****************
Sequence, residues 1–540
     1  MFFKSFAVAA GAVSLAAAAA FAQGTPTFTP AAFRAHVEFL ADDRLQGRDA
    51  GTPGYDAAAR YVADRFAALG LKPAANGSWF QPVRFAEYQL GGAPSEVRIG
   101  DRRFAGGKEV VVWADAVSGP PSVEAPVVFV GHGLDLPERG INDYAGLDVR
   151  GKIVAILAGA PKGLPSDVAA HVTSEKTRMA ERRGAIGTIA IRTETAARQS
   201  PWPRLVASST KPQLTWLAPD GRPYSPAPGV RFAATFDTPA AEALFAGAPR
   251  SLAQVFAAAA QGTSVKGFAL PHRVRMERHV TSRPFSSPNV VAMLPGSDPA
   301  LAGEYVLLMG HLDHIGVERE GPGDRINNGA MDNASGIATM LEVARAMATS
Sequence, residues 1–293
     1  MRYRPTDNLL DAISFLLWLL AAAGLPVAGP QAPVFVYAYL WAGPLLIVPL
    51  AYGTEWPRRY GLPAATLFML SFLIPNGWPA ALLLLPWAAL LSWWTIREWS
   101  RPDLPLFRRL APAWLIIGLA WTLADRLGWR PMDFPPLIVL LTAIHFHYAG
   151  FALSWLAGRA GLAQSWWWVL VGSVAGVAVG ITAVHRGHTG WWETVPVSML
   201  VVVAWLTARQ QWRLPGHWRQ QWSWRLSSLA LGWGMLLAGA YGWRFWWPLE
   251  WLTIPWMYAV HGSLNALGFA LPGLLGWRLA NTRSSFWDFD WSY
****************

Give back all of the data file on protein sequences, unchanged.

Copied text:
Sequence, residues 1–540
     1  MFFKSFAVAA GAVSLAAAAA FAQGTPTFTP AAFRAHVEFL ADDRLQGRDA
    51  GTPGYDAAAR YVADRFAALG LKPAANGSWF QPVRFAEYQL GGAPSEVRIG
   101  DRRFAGGKEV VVWADAVSGP PSVEAPVVFV GHGLDLPERG INDYAGLDVR
   151  GKIVAILAGA PKGLPSDVAA HVTSEKTRMA ERRGAIGTIA IRTETAARQS
   201  PWPRLVASST KPQLTWLAPD GRPYSPAPGV RFAATFDTPA AEALFAGAPR
   251  SLAQVFAAAA QGTSVKGFAL PHRVRMERHV TSRPFSSPNV VAMLPGSDPA
   301  LAGEYVLLMG HLDHIGVERE GPGDRINNGA MDNASGIATM LEVARAMATS
Sequence, residues 1–293
     1  MRYRPTDNLL DAISFLLWLL AAAGLPVAGP QAPVFVYAYL WAGPLLIVPL
    51  AYGTEWPRRY GLPAATLFML SFLIPNGWPA ALLLLPWAAL LSWWTIREWS
   101  RPDLPLFRRL APAWLIIGLA WTLADRLGWR PMDFPPLIVL LTAIHFHYAG
   151  FALSWLAGRA GLAQSWWWVL VGSVAGVAVG ITAVHRGHTG WWETVPVSML
   201  VVVAWLTARQ QWRLPGHWRQ QWSWRLSSLA LGWGMLLAGA YGWRFWWPLE
   251  WLTIPWMYAV HGSLNALGFA LPGLLGWRLA NTRSSFWDFD WSY